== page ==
Figure 8 at Clifton Benevento

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Artists: Zarouhie Abdalian, Luis Miguel Bendaña, Joshua Citarella, Mariah Dekkenga, Channa Horwitz, Karin Sander, Siebren Versteeg, Mike Yaniro

Exhibition title: Figure 8

Organized by: Silke Lindner

Venue: Clifton Benevento, New York, US

Date:  June 26 – August 7, 2015

Photography: images courtesy of the artists and Clifton Benevento, New York

Clifton Benevento is pleased to present the group exhibition Figure 8, featuring eight works by eight artists that address materiality and its transformation of information and language.

Language is a code for thought.  Score is a code for music.  Mathematics is a code for logic.

Developed by Channa Horwitz (1932 – 2013) as a way to organize visually elaborate compositions, Sonakinatography is a code for time, rhythm and movement.  Notational systems of numbers ranging from 1 through 8 express and translate unique arrangements while establishing their own visual language on 8-to-the inch graph paper. An alphanumeric logic informs the paintings of Mariah Dekkenga (*1978) in which numbers and letters mark shapes and colors in compositions created in Adobe Illustrator. The digital compositions are transferred by hand onto the canvas, fusing computerized color scales and painterly gesture. Mike Yaniro’s (*1980) Expanded PVC text panels encode information from Material Safety Data Sheets, primarily physical data relating to the material itself, into abstract language.  Hand-cut, hand- painted numbers and letters form an illegible grid of codes, and although self-referential, they have the appearance of commercial signage reticent to communicate.

For the video work BOOM (Fresher Acconci), Siebren Versteeg (*1971) developed an algorithm that generates a live stream of random Google image searches which are continuously aggregated into a video vignette. A constant varying sequence of images reflect the Internet’s shifting topography of information. Joshua Citarella’s (*1987) site-specific color gradients are generated through position-dependent color variables in Photoshop. The colors are mapped according to the gradient’s dimensions, assigning each color a unique coordinate within the physicality of the architecture. Karin Sander’s (*1957) Mailed Painting 168, Berlin – New York, is part of a series of primed canvases that pronounce evidence of their transportation and travel. Never packaged or protected, the painting is always in display mode, whether in storage, transit or hanging on a wall.  While revealing the painting’s history, the surface is in a continuous position of transformation that never reaches a final state.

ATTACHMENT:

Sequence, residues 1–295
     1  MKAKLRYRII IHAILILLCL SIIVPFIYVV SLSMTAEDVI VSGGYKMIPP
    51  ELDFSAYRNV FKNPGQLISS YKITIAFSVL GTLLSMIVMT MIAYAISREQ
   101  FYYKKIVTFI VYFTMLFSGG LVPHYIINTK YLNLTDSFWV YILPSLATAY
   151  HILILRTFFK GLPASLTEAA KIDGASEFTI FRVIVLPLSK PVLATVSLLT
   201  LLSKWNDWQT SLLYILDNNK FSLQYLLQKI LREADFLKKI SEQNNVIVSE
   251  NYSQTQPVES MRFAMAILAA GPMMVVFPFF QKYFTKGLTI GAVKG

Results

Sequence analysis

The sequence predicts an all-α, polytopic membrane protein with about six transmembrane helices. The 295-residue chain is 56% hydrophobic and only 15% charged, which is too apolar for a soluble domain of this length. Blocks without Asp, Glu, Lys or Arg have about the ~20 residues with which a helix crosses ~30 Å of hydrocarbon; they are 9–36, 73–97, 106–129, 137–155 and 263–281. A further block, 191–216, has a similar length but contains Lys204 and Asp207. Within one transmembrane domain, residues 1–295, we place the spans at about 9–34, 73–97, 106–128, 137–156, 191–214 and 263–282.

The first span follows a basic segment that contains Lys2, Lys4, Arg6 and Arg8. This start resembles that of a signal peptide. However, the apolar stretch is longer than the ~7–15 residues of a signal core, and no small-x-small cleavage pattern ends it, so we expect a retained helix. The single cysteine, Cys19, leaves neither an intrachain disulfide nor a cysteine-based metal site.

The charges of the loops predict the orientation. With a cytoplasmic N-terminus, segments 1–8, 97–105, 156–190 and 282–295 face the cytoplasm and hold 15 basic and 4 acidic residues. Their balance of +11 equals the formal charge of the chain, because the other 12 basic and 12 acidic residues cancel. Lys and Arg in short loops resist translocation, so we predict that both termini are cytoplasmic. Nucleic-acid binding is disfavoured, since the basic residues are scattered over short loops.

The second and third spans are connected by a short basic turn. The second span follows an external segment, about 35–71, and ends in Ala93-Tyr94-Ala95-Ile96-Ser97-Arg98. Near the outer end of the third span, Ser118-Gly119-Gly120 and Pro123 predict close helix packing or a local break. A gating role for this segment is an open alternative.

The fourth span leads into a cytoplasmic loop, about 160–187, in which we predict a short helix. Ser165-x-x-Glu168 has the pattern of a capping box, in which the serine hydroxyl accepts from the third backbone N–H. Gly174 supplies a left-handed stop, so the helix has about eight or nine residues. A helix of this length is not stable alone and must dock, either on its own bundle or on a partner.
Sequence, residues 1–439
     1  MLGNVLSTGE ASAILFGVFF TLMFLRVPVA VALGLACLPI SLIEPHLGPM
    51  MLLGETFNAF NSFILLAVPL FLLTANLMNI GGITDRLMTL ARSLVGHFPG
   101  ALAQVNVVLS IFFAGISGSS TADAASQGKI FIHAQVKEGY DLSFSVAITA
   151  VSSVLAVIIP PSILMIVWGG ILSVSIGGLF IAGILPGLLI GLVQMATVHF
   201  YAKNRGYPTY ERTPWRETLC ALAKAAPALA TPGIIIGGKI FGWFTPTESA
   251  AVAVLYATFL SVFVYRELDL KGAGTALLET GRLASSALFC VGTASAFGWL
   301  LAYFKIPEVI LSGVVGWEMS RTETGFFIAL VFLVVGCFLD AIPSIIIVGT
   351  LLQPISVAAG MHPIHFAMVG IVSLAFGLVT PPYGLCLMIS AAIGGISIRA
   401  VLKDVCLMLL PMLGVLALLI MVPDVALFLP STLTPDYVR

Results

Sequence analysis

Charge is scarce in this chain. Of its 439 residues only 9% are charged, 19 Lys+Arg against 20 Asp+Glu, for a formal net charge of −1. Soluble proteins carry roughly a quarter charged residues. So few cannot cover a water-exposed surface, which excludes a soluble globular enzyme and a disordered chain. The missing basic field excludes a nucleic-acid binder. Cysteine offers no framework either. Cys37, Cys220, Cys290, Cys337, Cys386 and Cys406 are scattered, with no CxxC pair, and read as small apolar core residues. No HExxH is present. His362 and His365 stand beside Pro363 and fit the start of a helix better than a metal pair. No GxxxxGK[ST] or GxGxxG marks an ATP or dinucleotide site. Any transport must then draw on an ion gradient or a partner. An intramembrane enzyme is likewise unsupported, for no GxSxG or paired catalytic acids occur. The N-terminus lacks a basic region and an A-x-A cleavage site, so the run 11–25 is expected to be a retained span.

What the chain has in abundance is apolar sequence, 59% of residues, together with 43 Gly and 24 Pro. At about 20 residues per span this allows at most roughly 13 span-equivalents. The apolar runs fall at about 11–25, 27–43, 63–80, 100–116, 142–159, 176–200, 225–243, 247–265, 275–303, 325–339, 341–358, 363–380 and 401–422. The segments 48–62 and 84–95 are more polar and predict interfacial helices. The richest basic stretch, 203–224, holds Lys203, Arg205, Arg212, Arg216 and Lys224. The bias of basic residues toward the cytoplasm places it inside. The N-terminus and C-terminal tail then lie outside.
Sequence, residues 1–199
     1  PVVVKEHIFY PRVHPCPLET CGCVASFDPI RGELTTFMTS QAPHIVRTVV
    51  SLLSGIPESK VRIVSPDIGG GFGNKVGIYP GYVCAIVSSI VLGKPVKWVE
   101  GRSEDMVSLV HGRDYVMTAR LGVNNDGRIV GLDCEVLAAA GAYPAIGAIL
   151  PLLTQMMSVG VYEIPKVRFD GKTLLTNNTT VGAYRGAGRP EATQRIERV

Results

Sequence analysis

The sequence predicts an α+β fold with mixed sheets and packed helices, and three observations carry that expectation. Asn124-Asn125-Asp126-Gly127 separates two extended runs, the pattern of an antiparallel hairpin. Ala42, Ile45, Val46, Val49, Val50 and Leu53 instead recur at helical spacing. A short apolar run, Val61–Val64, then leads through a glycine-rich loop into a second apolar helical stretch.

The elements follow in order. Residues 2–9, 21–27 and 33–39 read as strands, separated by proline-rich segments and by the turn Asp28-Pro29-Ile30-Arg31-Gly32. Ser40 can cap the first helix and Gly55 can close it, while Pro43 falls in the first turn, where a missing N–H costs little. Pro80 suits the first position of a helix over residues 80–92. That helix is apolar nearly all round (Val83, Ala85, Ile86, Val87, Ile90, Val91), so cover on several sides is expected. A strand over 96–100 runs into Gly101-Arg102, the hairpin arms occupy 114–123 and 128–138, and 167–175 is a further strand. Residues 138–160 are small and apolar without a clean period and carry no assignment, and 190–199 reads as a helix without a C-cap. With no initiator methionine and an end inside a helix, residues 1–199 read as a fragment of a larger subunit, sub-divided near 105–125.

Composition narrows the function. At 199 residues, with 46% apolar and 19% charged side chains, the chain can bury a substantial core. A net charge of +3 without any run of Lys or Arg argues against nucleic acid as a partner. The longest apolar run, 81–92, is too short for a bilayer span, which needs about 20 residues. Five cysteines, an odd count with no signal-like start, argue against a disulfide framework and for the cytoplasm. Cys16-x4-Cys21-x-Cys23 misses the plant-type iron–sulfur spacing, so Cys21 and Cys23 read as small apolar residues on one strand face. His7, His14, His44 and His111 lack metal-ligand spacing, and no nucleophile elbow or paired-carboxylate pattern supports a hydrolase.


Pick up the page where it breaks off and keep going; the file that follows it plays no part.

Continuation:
Zarouhie Abdalian’s (*1982) sculpture Every Instance (C#/D♭), 2014, comes from a series of piano key groupings.  Representing a different pitch class (A-G), each work combines keys from the same piano. Silence becomes palpable as it transitions from a state of sound to a state of stillness and becomes mere object. Disuse gives way to silence in Luis Miguel Bendaña’s (*1988) work that combines VHS tape and custom machine-knit polyester.  No longer prized for its ability to deliver content, VHS tape marks the decline of physical and analog film.  Entwined within Bendaña’s knitted fabrics, the material lends a muted elegance to his assemblages.

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Channa Horwitz, Movement # II Sheet A, 1969

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Luis Miguel Bendaña, Tears of a Pig, 2015

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Karin Sander, Mailed Painting 168, 2015

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Siebren Versteeg, BOOM (Fresher Acconci), 2007

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Mike Yaniro, Untitled, 2015

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Zarouhie Abdalian, Every Instance (C#/D♭), 2014

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Mariah Dekkenga, Untitled, 2015

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